"I was alone on the ice in that stadium. It was me and the audience and my skating under the stars," she said.

Du Bief has remained Vaudecrane's best friend over the years.

"When you share only skating with your coach, of course you can't maintain a strong relationship after you stop competing," she explained. "But with Jacqueline, we were sharing far more than skating, and so our relationship became more and more of a real friendship. Even today I keep calling her every morning."

When asked what her best memory was, a few days ago, Vaudecrane was quick to answer: "Alain's victory!"

After du Bief, Vaudecrane coached two young fellows both named Alain: Alain Giletti and Alain Calmat. The former won the world championship in 1960, in Vancouver. The latter won his world gold medal in Colorado Springs, in 1965. At the same time he was competing, Calmat was embarking on his medical studies. In the late 1980s, he even became the minister of sports in the French government.

Vaudecrane was very keen on skating figures, but she was also deeply interested in costume designs and music.

"Can you imagine that I was blamed by the French federation once, because I had ordered a red costume for Alain Calmat?" she recalled.

At that time, most skaters were skating in black suits.

After the two Alains, Vaudecrane coached Patrick Péra, who won two Olympic bronze medals, in Grenoble (1968) and Sapporo (1972). Péra is now a successful private banker in Milan, from where he traveled to meet his skating friends in Paris for that special event.

Calmat, Giletti, Péra and several others were sent to the U.S. by the French federation to train with Pierre Brunet in New York. That created a long-lasting tie between today's French coaches and officials and American ones. Incidentally, Mary Lynn Gelderman, who coaches Samantha Cesario (fourth at Trophée Bompard), was also a student of "Monsieur Brunet," as they used to call him. Since the Brunets taught most of Vaudecrane's students in New York, she was quite surprised to see her former training colleagues in Paris!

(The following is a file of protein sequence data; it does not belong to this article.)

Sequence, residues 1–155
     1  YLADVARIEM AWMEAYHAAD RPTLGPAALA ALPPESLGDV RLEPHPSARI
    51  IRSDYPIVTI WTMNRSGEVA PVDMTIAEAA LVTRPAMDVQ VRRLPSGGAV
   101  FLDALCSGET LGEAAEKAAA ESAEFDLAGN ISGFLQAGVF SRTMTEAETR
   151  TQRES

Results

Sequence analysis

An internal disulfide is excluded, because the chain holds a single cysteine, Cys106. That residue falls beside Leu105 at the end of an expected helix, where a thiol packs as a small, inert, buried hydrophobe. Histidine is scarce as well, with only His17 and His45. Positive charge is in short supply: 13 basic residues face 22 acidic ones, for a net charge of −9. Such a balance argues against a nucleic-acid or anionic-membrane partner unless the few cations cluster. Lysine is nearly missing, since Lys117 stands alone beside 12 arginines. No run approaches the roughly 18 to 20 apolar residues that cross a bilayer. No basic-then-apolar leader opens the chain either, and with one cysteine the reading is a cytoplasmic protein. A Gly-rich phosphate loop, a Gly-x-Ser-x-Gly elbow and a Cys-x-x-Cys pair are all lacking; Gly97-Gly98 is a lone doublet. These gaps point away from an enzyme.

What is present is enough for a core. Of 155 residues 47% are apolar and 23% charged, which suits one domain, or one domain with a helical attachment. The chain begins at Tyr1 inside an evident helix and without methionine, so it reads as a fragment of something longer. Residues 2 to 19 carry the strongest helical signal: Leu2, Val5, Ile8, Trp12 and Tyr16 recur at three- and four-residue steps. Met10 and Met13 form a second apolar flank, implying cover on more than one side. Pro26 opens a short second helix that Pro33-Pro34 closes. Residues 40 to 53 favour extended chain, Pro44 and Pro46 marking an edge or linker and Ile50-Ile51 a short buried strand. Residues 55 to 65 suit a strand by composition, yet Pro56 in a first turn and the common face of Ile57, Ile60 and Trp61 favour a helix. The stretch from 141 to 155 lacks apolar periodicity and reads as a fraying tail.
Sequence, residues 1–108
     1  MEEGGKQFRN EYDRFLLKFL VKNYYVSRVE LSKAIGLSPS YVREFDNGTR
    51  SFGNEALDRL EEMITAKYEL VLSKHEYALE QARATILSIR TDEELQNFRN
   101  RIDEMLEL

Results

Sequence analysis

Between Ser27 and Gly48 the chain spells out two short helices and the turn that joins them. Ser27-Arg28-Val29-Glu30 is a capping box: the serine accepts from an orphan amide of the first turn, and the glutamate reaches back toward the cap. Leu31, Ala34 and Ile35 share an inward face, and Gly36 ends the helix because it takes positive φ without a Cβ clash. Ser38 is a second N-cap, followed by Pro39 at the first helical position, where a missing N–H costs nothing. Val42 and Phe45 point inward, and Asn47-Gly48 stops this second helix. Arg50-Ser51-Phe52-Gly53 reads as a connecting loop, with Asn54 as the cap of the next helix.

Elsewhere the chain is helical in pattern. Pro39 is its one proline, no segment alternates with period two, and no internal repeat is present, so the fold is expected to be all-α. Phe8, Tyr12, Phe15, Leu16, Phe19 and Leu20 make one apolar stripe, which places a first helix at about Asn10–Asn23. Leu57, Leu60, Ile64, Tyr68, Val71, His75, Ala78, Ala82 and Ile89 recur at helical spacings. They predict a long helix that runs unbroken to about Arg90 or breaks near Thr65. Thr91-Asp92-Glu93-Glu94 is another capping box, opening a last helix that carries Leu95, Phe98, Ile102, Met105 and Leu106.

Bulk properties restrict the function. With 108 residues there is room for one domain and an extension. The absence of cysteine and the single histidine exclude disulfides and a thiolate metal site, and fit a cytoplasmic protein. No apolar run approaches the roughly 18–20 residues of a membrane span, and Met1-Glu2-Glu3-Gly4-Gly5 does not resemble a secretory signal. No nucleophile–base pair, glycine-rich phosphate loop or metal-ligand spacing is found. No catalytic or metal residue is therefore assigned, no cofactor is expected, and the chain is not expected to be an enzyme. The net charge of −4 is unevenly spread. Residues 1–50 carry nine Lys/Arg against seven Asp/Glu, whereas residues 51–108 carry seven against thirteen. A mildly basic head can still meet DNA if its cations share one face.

Vaudecrane was also quite active in ice dance. At the time of her youth, ice dance was just a glamorous complement to any figure skating activity. Everybody did dances. When the ice dancing sport was established by the ISU (International Skating Union) in the early 1950s, Vaudecrane's school welcomed the first French champions, Christiane Guhel and Jean-Paul Guhel, who won a European gold medal in the early '60s, and Brigitte Martin and Francis Gamichon, who also medaled at Europeans.

"Can you believe that I am going to turn 100 in just a few days?" she said.

Vaudecrane has some difficulty hearing, but she can certainly remember and talk.

"She surely has kept her strong personality!" du Bief said.

The Grande Dame did not make the trip to Paris (she now resides in the south of France), but surely she could hear the turmoil her former students caused at her reunion.

"They were just impossible to discipline!" a laughing 1964 Olympian Robert Dureville said afterward.